In case anyone misunderstood my analogy in Rule #5: leather as a clothing material should be limited to boots, gloves, and jackets. If it must be used elsewhere, better to sew it on over proper clothing so as not to restrict movement or chafe. Because it will. Oh it will. And if it doesn’t, it’s probably doe-skin or something equally unprotective and unsuitable for crashing around fighting dinosaurs.
- 6a. As a necessary corollary to the above rule, only use metal for accessories and armor, not as a replacement for clothes. Any lady Super caught trying to go out in a steel corset should be enrolled in another course on Basic Common Sense.
- I will not include a cape unless it is easily detachable, kept at a moderate length, and made of materials that are resistant to snagging.
Your Super won’t look very heroic/villainous if his/her cape is constantly catching on gargoyles or being yanked on by the enemy. A similar rule can be applied to hair; they better have a really good reason for that 8-foot braid, unless they prefer being swung like a lasso. It’s not great for secret identities, either.
- I will not let my Super add frivolous and impairing special effects to their costume unless they can prove that these additions make practical sense.
Ex: Nighttime costumes will not bear glow-in-the-dark stripes or phosphorescent trim unless it can be turned off for stealth purposes, and helmets used in lieu of masks will not have protrusions that impair the wearer’s ability to fit through small openings.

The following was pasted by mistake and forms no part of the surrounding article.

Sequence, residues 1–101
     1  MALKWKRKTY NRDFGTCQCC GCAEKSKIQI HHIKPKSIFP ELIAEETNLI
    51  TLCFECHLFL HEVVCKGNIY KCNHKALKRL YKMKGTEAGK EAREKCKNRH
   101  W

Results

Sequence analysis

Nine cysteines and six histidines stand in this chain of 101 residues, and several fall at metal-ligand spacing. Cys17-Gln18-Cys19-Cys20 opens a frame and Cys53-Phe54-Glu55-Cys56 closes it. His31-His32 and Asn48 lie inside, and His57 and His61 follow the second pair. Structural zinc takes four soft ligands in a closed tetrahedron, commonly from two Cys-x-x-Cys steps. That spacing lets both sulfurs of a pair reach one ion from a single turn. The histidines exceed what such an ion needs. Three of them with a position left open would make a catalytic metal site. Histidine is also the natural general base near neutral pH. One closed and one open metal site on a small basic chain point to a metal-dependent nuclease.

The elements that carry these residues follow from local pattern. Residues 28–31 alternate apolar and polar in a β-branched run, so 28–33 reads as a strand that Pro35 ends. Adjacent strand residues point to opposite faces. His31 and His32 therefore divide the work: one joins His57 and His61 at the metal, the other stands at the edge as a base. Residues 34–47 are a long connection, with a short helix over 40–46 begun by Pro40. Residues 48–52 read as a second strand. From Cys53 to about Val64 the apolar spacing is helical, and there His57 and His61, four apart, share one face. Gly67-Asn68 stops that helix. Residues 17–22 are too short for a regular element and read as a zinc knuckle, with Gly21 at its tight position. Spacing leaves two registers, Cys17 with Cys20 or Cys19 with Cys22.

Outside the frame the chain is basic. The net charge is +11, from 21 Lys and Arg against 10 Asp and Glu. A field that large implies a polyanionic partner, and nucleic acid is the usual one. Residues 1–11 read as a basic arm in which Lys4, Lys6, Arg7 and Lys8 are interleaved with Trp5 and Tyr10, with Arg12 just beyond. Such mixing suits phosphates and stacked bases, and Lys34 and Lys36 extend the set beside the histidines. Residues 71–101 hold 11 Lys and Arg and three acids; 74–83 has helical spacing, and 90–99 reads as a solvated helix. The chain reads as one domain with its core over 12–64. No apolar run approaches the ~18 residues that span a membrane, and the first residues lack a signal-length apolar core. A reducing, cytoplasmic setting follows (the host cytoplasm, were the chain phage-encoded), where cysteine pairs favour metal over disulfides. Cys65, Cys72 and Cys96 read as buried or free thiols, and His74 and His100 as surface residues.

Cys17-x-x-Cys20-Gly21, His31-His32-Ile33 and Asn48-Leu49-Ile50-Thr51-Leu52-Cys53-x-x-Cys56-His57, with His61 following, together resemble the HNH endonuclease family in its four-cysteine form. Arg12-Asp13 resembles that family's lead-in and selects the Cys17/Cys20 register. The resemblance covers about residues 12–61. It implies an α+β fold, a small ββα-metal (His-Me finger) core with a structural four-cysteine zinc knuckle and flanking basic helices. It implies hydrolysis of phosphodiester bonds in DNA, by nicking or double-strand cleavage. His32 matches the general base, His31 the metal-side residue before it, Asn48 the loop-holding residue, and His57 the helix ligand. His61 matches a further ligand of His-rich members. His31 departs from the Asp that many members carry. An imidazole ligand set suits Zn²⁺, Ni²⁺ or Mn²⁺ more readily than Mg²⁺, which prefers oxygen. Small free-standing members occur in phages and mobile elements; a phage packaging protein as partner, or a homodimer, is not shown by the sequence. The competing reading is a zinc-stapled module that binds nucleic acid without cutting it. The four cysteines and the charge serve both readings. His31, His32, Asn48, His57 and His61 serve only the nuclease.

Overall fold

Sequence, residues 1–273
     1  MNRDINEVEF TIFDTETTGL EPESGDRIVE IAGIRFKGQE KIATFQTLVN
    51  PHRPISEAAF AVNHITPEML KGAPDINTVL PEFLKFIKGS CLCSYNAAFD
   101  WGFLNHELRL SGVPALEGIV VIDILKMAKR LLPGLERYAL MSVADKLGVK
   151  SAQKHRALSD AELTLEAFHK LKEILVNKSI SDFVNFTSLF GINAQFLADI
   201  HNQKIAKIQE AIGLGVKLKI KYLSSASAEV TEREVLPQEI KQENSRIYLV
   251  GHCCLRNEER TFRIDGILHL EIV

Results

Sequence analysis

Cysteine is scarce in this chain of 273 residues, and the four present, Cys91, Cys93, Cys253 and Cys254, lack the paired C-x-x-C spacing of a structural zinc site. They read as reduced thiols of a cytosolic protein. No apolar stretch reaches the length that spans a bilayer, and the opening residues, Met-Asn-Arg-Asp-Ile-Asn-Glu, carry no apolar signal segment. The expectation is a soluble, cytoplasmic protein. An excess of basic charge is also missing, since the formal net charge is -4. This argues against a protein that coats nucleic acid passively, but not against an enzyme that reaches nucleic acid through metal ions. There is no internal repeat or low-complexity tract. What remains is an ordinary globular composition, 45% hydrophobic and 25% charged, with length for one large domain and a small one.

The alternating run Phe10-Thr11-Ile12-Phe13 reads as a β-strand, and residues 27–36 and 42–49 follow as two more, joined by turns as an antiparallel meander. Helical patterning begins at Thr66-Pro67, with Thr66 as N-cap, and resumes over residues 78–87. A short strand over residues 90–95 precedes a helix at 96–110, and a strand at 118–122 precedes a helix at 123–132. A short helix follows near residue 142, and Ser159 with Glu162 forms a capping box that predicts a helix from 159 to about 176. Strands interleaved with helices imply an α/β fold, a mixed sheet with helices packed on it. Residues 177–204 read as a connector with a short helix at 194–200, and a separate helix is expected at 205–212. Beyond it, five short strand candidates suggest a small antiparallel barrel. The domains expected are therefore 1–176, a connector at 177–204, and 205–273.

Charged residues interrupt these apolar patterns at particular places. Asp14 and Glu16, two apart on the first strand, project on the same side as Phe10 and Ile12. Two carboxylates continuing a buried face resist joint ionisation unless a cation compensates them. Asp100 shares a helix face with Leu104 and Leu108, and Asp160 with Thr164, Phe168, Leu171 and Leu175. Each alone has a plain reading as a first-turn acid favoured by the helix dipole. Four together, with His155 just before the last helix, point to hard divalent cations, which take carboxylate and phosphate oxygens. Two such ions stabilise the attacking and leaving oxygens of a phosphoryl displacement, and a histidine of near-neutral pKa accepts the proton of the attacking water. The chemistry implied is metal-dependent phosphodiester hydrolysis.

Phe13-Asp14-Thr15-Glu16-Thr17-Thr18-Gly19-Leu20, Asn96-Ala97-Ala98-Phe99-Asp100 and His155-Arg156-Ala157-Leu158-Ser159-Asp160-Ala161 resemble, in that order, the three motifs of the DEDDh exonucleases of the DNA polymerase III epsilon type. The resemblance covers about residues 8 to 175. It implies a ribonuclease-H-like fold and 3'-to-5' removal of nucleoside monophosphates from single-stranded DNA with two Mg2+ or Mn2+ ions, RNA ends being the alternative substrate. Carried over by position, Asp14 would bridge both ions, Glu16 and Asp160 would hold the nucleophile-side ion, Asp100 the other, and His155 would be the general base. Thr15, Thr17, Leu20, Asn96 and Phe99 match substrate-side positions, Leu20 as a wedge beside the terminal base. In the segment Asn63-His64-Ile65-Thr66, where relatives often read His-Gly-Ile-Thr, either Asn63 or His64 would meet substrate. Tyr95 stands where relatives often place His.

- I will ensure that my Super’s costume consists of as few individual pieces as possible.
Look, all the rules about full coverage aside, this is THE most practical thing you can do. Many Supers, particularly Heroes, rely on timing; they need to react as quickly as possible, and they won’t always have their costume on under their clothes. (Preferably never, if I had my way. Gross.) And your Hero is not going to make good time if they spend fifteen minutes fixing all their belts and accessories first. There is no objection to these attachments being sewn onto the costume ahead of time for stylistic effect, but use common sense. Zippers are a wonderful and easily disguisable invention, and should not be scorned.
Finally, and perhaps most importantly of all:
- I will seek second opinions on my and my Super’s design choices to ensure that they don’t make people’s eyes bleed.
Heroes and Villains do not always have the best fashion sense, it’s true. But we must also remember that we, the wardrobe designers, are not infallible. Need I remind you of the horrendous efforts of designer Z.Z. Fosho when he decided that Pangolin Man would look “cutting edge” in neon green spandex with pink and blue spots? It ended both men’s careers, and arguably the city of Chicago. So if you are even marginally uncertain that the costume design you have in mind is not completely outdated, glaringly painful, or utterly impractical, seek a second opinion. No matter how original and unique we might wish them to look, Supers who wear thirteen mismatching colors in five different patterns and styles are only embarrassing themselves and their local Super community.
Remember: the Supers are out there to get the bad guys (or the good guys). But it’s our job to make sure they look good (and not totally ridiculous) doing it. Best of luck! We’re all counting on you not to mess this up.
(A/N: Something silly I wrote to vent my annoyance at the many impracticalities of superhero costumes. Figured I would share in case anyone got a laugh or wanted to commiserate with me. :D)
(You can read all of my posted short stories by clicking “Writing Shorts” in the top Menu. Thanks for reading! – Jenn H.)